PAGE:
Local Catholics feel effects of pope's resignation
Catholics worldwide are still coming to terms with this week’s announcement that Pope Benedict XVI plans to resign this month, including parishioners of Our Lady of Victory Catholic Church
“We’re very sad because he’s such a great man, but we rely on the Holy Spirit to raise up a new servant,” said Rev. Morgan M. White, the church’s pastor. “He’s such a phenomenal theologian and thinker and defender of Christian values.”
Pope Benedict XVI announced Monday that he planned to resign Feb. 28 due to old age and declining strength. He told an audience at the Vatican this week that it is for the “good of the church” because he felt he no longer had the strength needed to fulfill his ministry.
“We need a man of stamina who can serve the world,” White said. “He does this in humility and trusting that God will send us the leader we need.”
The pope is no longer just a Catholic official, White said, but someone who offers leadership for all “people of goodwill” throughout the world. Because the pope is not considered to be from any particular country, he is someone who can encourage dialogue and peace between differing groups, he said.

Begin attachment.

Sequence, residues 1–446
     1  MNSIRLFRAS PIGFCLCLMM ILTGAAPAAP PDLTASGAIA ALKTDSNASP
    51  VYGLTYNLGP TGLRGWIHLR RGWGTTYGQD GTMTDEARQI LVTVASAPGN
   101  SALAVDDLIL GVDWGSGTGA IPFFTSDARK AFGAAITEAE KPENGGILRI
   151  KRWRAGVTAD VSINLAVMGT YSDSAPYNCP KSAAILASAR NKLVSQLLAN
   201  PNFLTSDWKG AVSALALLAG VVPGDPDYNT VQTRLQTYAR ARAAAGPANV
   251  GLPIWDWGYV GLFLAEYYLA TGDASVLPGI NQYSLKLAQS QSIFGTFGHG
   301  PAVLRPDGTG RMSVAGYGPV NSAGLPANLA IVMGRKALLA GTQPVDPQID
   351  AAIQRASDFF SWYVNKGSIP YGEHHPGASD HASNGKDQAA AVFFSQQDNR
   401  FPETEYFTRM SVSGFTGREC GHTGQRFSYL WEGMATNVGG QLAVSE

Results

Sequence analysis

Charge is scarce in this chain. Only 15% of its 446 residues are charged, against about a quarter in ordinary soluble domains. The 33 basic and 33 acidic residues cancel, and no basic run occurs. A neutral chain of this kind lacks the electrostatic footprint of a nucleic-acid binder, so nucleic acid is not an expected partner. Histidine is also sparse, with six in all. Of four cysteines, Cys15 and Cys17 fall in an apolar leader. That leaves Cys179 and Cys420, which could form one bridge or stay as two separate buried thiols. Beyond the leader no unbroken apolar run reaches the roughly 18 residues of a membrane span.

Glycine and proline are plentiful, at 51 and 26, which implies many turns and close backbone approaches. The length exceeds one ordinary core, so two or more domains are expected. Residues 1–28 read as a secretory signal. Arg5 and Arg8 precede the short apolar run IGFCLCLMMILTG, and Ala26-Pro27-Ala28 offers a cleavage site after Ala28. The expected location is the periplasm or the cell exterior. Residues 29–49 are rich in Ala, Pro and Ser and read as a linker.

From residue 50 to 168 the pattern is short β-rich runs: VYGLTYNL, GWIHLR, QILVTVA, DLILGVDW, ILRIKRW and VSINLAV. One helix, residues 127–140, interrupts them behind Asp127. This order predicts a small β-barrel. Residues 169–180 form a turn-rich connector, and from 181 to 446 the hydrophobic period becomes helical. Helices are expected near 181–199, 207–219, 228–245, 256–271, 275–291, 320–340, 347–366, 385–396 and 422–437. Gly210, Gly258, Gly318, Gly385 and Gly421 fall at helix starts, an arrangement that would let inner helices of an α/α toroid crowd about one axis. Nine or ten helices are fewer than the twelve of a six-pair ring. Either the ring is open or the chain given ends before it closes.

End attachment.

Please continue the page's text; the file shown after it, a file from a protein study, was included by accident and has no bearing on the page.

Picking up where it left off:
“He serves an international function as an intermediary and peacemaker,” White said. “Fundamentally, he is someone who proclaims the good news of Jesus Christ.”
A conclave of Roman Catholic cardinals who will elect the next pope will likely take place around March 15. According to the rules governing the papal selection, the conclave cannot start until 15 days after the pope’s resignation is official. The Vatican has expressed hope a new pope could be selected by Easter, which falls on March 31.
Benedict is the first pontiff to resign since Pope Gregory XII stepped down in 1415.
“It’s very unusual,” White said. “But it demonstrates Pope Benedict’s great love for the church and his esteem for the office of the Vicar of Christ’s successor, St. Peter.”